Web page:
If you follow my blog at all, you may notice that, while I adore silicone, I’m also rather fond of natural materials. What you may not know is that I’m lucky enough to live in a part of the world where nature is just 20 minutes away. After an hour’s travel, I’m in the middle of the wilderness, surrounded by dense forests and mountains. Being so close to nature is perhaps why, when it comes to sex toys, I gravitate towards eco-friendly and nature-based products.
One of the natural materials I’m quite drawn to is nephrite jade. So far, I’ve reviewed a couple of jade products (and there’s more on the way). But in reviews, I don’t have much time to go into (in detail) the materials, so I thought I’ll post some information here.
What is Nephrite Jade?
Nephrite jade is one of the two mineral species of jade, a gemstone material. Also known as B.C. Jade, nephrite jade usually comes in greens and greys. For you geology geeks, it’s one of those minerals that exhibit impressive hardness (Mohs 6.0 – 7.0) and a very dense, tightly packed molecular structure. The result? A product that’s highly resistant to breaking. It’s also durable and beautiful, two things that make it a great material for sex toys.
To put things in perspective, most glass sex toys are made from Borosilicate glass (think Pyrex). Nephrite jade is about as hard as Borosilicate glass but significantly denser.
A History of Jade in Sex Practices
Nephrite jade has been used (literally) for thousands of years for various purposes. Most of its history lies in ancient Chinese culture, where nephrite was considered more precious than gold or silver. It was seen to hold an inherent power, and was thus used for imperial decorative sculptures. Eventually, it started to be associated with female sexuality.
In Ancient Chinese culture, respect and admiration for female sexuality transcended into language. By the 4th century, Taoists referred to the vagina as the jade gate, the jade chamber, and the jade cavern. The clitoris was known as the pearl on the jade step. Women’s lubricant was even called the jade juice.
To be honest, I’m fascinated by this connection. The preciousness and power of jade was tied to the belief that female genitalia was the elixir of life itself, a place where magical things happen. In Taoist teachings, the womb was sacred. It’s a sharp contrast to some western-based philosophies which viewed female sexuality as inherently sinful and shameful. I don’t know about you, but I much prefer the first one.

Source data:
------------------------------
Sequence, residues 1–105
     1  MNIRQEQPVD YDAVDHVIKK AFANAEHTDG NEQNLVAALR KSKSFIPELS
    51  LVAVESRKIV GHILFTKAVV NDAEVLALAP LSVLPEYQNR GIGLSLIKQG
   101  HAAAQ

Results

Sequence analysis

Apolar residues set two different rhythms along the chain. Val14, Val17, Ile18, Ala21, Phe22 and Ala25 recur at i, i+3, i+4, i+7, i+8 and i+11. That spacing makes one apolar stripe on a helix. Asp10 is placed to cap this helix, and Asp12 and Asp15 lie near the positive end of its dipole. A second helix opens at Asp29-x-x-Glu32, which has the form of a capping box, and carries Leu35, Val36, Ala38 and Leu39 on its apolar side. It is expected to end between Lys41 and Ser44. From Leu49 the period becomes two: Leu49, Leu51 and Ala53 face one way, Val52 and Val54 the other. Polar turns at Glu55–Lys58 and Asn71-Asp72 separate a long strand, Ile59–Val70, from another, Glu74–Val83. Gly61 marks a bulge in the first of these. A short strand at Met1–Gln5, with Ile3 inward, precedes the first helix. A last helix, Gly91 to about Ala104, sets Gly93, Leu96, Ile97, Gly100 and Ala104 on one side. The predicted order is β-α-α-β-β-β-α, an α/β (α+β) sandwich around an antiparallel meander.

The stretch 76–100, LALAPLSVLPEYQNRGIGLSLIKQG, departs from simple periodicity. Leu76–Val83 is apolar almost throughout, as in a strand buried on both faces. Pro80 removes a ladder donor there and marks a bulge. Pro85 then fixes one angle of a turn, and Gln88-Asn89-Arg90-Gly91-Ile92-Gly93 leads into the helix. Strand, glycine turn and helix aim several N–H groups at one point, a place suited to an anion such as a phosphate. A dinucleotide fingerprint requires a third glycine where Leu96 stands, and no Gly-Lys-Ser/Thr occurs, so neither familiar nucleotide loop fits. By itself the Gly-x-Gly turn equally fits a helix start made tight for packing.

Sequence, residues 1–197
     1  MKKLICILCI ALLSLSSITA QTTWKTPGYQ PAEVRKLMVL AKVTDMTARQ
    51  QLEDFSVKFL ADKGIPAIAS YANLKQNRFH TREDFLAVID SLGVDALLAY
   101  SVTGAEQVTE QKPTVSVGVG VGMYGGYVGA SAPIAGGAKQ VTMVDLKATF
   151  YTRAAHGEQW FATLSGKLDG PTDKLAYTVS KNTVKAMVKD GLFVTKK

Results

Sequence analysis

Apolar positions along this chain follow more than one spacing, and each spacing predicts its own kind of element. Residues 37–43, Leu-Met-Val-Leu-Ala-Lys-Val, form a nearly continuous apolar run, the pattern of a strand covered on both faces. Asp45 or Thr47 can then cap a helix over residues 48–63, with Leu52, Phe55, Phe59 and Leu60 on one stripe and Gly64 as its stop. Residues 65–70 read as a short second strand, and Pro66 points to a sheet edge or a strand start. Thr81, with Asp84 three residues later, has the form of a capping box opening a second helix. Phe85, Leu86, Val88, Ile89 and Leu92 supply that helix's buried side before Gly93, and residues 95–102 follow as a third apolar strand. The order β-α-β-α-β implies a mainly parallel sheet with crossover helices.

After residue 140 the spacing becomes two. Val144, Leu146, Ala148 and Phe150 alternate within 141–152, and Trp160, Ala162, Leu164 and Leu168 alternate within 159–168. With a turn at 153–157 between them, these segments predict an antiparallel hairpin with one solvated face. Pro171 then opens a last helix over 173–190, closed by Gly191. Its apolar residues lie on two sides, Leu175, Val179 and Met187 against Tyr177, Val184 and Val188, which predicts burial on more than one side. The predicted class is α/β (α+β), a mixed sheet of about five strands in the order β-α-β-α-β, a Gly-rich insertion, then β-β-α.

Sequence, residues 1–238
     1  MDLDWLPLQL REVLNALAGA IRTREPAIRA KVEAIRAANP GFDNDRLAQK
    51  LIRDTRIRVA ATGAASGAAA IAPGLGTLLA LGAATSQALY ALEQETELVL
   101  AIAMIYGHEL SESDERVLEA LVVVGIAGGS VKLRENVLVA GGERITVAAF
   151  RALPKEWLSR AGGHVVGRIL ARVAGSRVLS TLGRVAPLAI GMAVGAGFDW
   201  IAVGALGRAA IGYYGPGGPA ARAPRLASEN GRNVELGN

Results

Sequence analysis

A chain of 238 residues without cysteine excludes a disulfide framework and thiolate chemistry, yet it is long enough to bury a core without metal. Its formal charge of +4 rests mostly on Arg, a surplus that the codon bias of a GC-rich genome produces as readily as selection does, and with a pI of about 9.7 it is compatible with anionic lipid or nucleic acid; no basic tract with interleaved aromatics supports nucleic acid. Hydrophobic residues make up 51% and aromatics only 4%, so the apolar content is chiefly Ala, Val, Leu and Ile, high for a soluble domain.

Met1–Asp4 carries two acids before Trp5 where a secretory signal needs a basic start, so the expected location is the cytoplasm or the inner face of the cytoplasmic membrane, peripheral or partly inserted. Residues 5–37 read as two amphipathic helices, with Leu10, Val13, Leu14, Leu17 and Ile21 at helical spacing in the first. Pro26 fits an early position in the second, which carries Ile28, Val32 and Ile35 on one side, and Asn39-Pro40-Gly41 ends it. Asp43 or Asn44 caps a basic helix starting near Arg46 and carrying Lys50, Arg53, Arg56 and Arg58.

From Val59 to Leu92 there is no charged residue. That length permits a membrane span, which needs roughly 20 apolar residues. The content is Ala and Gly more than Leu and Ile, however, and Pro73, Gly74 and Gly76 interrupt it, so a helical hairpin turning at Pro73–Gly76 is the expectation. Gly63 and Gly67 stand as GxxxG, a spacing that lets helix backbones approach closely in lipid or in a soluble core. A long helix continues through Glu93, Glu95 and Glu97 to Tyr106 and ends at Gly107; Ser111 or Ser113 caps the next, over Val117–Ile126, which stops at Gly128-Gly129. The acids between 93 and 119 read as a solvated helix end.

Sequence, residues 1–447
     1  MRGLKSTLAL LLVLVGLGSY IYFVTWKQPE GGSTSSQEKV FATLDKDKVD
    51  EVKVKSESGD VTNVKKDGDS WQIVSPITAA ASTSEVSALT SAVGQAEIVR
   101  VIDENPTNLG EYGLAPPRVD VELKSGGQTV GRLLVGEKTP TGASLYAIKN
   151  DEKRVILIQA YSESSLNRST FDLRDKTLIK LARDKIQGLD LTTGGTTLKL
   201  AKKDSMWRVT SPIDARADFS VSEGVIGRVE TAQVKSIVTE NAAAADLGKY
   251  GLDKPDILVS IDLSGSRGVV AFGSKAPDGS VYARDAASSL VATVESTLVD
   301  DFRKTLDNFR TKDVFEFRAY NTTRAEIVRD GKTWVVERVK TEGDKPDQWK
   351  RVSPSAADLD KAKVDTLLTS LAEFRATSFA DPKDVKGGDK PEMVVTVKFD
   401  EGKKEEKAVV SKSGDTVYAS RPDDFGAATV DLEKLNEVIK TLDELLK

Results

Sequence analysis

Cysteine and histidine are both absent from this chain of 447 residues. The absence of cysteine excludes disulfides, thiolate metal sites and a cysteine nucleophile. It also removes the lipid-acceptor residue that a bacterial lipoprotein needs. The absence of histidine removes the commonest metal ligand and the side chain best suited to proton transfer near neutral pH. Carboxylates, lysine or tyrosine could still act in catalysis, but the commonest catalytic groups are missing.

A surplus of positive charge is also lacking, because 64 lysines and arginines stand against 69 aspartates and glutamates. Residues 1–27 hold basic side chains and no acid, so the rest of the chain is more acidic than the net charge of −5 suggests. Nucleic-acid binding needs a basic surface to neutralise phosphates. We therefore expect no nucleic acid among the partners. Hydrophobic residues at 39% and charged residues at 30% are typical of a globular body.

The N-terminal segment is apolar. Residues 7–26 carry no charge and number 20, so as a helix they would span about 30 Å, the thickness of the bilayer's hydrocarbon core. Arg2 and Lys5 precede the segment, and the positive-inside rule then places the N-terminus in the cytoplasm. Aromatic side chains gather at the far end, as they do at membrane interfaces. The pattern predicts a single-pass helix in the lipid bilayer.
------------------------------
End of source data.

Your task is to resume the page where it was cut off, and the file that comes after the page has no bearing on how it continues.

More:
Anyhow, in addition to this connection between jade and the sacredness female genitalia, women of high status started to wear yoni eggs made from nephrite jade. Yoni eggs are Kegel exercisers. Based on ying-yang principle of Taoism, nephrite jade yoni eggs were given to women to encourage sexual pleasure and orgasm abilities. This also became associated with other spiritual beliefs, such as that wearing jade yoni eggs would bring good luck and good health.
Finding Nephrite Jade Today
Kegel exercisers can be easily bought in a wide variety of materials, including stainless steal, ABS plastic, and silicone. However, for those interested, it’s still possible to continue the ancient practice of jade yoni eggs…if you know where to look.
Nowadays, nephrite jade deposits aren’t found in China. It was depleted from overmining and, as a result, the market is ~90% diluted with “fake jade,” which is generally actually serpentine or onyx.
This year, I got to know to know some of the people over at Genuine Jade LLC. They’re a Canadian-based company that work directly with Polar Jade, a company that mines Nephrite Jade here in B.C., Canada. Because Chinese jade mines are depleted, the Chinese market has now turned to B.C.’s abundant nephrite jade supplies.
For women who want genuine nephrite jade yoni eggs, Genuine Jade sells a wide variety of products. Their focus are jade eggs themselves (one of which I reviewed here), though they also carry nephrite ben wa balls (which are smaller and rounder in shape). All of their products come with a certificate of authenticity and are made without dyeing or chemical treatment.
So who do I think this might pertain to?
If you’re curious about using jade yoni eggs, I think they’re a good option for:
- Women who want the luxury of using semi-precious stones
- Women who want to explore the spiritual benefits of nephrite jade
- Women who are interested in continuing an ancient practice
- Women who are interested in eco-friendly, natural alternatives to synthetic materials.
If any of these apply to you, please please make sure you’re getting genuine nephrite jade. Chances are, other mineral stones being passed off as Jade aren’t nearly as body safe, as they’ll likely be more porous and more prone to breaking.
To get the real thing, I encourage you to buy through Genuine Jade LLC.
This post contained sponsored links. All opinions are my own.